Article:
What about the other two reasons that unions may want to advertise online: promoting a campaign or gaining new supporters.
When promoting a campaign, many unions often think about traditional media advertising. For example, running an ad on TV or in a newspaper. What you are doing there is buying an audience. The ratings and distribution figures that determine the cost of these ads really tell you how many eye-balls you can buy. For example, if you buy an ad for $10,000 in the Herald Sun (circulation 1.4 million), then you’re paying $7.14 per 1000 people. The cost per thousand for online banner ads on the Herald Sun’s website is approximately $3.50; half the price of a print ad.
The main problem is that this mass audience often isn’t very targeted. While television stations and newspapers can tell you about the demographics that watch their shows or read their papers, the information is not very specific. You are often paying for an audience that is wholly unsuited to receiving your message.
Online ads, especially pay-per-click, let you target much more closely, so you are only speaking to the people you really want.
In the case of online ads for raising awareness about your campaign issue then, your union should consider online advertising as a more efficient, more targeted alternative to traditional print media or TV.
Finally, what if you want to build a group of supporters and their email or other contact details? Often, these supporters are not members of the union. For example, you may want to build a group of supportive parents if you’re a teaching union.
The key calculation here is to determine the value of an email address (or phone number, or mailing address). Since there’s often no financial connection from supporters to the union (e.g. they don’t join and pay dues), this can be tricky. However, with no benchmark, it can be easier to pull a number from the air at first, and then vary it once you start getting real data to work with.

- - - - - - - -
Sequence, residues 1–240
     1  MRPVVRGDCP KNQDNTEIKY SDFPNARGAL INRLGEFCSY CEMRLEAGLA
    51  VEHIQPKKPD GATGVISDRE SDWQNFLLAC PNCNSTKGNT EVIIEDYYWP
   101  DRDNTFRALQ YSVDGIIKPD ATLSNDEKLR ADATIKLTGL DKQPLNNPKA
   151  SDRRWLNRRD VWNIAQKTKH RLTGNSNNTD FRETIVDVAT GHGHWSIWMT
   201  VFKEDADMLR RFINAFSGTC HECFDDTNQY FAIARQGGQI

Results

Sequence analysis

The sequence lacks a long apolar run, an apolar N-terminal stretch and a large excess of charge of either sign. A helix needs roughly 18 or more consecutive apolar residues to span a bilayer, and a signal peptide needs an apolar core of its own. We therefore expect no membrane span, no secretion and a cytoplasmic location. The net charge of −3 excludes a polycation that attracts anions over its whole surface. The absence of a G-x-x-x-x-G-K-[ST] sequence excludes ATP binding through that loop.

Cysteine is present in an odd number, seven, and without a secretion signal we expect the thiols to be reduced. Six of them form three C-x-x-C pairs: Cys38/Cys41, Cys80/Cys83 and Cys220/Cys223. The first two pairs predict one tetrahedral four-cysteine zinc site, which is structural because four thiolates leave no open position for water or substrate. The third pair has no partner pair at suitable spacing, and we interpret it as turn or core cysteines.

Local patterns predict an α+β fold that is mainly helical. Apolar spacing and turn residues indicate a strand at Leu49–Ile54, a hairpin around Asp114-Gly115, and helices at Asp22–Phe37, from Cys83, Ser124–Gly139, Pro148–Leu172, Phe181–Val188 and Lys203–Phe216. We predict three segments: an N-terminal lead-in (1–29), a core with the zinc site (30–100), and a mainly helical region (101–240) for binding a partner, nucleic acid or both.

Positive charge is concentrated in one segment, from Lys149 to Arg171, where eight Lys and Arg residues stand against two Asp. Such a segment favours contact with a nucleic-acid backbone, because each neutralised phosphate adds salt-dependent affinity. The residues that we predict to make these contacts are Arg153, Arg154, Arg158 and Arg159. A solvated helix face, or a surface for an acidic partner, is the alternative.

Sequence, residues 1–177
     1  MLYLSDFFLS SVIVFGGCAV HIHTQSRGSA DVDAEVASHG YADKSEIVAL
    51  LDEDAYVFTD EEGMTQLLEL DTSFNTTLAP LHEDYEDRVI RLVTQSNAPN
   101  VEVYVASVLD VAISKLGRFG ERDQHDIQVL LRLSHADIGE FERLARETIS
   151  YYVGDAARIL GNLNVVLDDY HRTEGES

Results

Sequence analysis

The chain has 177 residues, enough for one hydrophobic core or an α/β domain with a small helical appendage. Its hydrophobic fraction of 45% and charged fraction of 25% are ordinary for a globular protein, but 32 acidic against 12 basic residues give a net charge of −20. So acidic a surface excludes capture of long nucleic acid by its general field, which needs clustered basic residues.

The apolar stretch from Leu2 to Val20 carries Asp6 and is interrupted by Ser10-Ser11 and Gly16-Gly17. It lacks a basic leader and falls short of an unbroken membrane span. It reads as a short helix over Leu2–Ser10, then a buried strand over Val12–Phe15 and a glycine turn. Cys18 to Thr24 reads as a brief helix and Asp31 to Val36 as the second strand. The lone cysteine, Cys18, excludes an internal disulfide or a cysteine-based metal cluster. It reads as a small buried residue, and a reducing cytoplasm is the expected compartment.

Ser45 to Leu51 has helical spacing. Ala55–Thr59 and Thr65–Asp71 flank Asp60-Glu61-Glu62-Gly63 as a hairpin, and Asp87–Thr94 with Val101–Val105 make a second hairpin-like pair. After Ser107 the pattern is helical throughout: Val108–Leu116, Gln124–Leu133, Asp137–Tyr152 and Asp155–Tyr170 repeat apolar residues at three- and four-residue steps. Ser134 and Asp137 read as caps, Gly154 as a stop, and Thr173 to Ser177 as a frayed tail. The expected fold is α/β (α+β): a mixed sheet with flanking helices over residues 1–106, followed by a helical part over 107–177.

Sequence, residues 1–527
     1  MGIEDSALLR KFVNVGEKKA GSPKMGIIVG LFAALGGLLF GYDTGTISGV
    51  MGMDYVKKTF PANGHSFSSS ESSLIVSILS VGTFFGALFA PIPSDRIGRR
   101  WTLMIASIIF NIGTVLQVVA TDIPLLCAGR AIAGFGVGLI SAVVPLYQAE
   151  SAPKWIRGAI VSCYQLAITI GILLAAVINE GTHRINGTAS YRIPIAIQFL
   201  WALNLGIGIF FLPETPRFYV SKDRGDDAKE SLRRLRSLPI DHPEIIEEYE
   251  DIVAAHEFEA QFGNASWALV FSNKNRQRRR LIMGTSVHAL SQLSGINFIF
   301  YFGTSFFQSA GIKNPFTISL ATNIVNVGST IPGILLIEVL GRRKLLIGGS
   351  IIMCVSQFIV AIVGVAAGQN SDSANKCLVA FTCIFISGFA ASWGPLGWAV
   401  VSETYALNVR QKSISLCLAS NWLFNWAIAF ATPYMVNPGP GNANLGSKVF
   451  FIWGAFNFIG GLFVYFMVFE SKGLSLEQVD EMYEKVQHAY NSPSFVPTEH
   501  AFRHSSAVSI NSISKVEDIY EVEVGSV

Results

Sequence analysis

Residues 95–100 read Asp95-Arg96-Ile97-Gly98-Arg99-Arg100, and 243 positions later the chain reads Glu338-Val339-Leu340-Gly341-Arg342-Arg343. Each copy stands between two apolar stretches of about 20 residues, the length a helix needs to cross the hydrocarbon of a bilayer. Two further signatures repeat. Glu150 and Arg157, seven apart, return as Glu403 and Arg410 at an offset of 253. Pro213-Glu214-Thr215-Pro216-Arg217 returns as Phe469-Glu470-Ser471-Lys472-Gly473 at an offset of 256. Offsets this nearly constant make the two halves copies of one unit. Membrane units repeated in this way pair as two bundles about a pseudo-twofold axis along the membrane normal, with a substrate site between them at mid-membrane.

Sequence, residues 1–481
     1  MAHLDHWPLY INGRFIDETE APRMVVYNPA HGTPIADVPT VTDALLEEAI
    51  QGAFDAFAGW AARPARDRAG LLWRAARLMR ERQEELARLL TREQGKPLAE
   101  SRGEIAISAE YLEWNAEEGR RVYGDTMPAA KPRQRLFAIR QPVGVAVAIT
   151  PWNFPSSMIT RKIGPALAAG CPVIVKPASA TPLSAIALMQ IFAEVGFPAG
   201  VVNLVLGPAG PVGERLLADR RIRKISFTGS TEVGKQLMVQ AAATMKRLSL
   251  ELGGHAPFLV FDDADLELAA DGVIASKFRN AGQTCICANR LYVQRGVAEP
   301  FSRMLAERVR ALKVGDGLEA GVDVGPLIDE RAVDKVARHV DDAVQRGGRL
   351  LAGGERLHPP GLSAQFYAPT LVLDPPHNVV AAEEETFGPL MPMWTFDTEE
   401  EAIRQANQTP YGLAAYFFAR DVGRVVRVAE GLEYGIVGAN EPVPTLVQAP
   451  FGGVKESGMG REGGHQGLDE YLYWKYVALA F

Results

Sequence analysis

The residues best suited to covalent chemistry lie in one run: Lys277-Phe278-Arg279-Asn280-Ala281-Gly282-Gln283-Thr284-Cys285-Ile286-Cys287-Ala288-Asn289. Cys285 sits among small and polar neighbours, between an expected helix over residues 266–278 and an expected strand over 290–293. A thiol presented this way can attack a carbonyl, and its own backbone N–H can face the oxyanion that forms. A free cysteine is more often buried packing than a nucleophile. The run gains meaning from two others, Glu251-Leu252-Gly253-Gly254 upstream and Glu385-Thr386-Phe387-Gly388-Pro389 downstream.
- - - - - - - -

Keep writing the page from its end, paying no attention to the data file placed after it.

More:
For example, if you value a supporter’s email address at a hypothetical $5, then you would be willing to pay up to that amount per click (for Google ads). Of course, this assumes your conversion rate is 100%, so if your conversion rate was a much lower, say 20%, then you’d need to get 25 clicks to get one email address, with an average cost of just $0.20, to make it worth it.
At this level, it can seem dubious as to whether it’s worth it, or even possible, to grow a supporter list using online ads. This is where low cost-per-click sources like Facebook can be useful, especially promoted posts, which can have a “free” sharing component.
However, where online ads shine for supporter acquisition is scale. You can quickly build large-scale supporter acquisition using online ads, which can be varied and tweaked in real-time to improve their impact, and you can target specific groups or audiences with great precision.
Online advertising should definitely be considered a part of the mix for unions. It’s obvious, stand out value is clearly for the higher life-time value areas like recruiting dues paying members. However, even for less “valuable” uses (in simple dollar terms), there can be benefits for running online ads.
What underlines all of this though is the importance of your digital conversion rates. Any time you spend money online, whether it is paid online ads or social media promoted posts, or sending email blasts using a paid-service like Salsa Labs, Nationbuilder or Mailchimp, you should be closely concerned with the conversion rate.
Before you start jumping into buying online ads, or into spending lots of time on social media, make sure your website is up to scratch.
(Apologies for any faulty maths in this post.)